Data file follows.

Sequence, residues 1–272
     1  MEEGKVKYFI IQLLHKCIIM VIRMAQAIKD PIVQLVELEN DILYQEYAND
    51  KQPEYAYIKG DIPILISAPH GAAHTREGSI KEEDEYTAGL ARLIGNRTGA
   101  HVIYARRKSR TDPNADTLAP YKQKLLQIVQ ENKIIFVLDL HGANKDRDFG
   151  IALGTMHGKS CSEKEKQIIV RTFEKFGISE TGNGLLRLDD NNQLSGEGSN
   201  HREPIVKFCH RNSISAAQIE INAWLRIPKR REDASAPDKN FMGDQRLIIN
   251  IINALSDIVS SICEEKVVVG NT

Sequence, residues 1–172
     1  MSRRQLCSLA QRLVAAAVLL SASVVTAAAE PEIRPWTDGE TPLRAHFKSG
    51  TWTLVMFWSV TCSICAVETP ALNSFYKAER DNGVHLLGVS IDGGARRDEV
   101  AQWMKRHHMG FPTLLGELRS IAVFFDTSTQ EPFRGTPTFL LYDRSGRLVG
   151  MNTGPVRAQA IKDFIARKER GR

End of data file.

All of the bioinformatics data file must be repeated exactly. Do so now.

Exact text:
Sequence, residues 1–272
     1  MEEGKVKYFI IQLLHKCIIM VIRMAQAIKD PIVQLVELEN DILYQEYAND
    51  KQPEYAYIKG DIPILISAPH GAAHTREGSI KEEDEYTAGL ARLIGNRTGA
   101  HVIYARRKSR TDPNADTLAP YKQKLLQIVQ ENKIIFVLDL HGANKDRDFG
   151  IALGTMHGKS CSEKEKQIIV RTFEKFGISE TGNGLLRLDD NNQLSGEGSN
   201  HREPIVKFCH RNSISAAQIE INAWLRIPKR REDASAPDKN FMGDQRLIIN
   251  IINALSDIVS SICEEKVVVG NT

Sequence, residues 1–172
     1  MSRRQLCSLA QRLVAAAVLL SASVVTAAAE PEIRPWTDGE TPLRAHFKSG
    51  TWTLVMFWSV TCSICAVETP ALNSFYKAER DNGVHLLGVS IDGGARRDEV
   101  AQWMKRHHMG FPTLLGELRS IAVFFDTSTQ EPFRGTPTFL LYDRSGRLVG
   151  MNTGPVRAQA IKDFIARKER GR